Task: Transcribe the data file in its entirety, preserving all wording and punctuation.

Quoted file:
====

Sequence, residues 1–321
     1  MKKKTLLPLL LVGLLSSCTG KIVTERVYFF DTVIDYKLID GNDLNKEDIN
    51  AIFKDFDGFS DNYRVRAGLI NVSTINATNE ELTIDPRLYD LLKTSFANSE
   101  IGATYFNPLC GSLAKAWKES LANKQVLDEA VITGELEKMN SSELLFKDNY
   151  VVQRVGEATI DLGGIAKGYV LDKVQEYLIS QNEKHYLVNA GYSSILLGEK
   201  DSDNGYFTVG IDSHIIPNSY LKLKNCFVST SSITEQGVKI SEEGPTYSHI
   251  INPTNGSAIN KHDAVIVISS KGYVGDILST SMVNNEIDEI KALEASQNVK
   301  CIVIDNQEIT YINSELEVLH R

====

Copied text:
Sequence, residues 1–321
     1  MKKKTLLPLL LVGLLSSCTG KIVTERVYFF DTVIDYKLID GNDLNKEDIN
    51  AIFKDFDGFS DNYRVRAGLI NVSTINATNE ELTIDPRLYD LLKTSFANSE
   101  IGATYFNPLC GSLAKAWKES LANKQVLDEA VITGELEKMN SSELLFKDNY
   151  VVQRVGEATI DLGGIAKGYV LDKVQEYLIS QNEKHYLVNA GYSSILLGEK
   201  DSDNGYFTVG IDSHIIPNSY LKLKNCFVST SSITEQGVKI SEEGPTYSHI
   251  INPTNGSAIN KHDAVIVISS KGYVGDILST SMVNNEIDEI KALEASQNVK
   301  CIVIDNQEIT YINSELEVLH R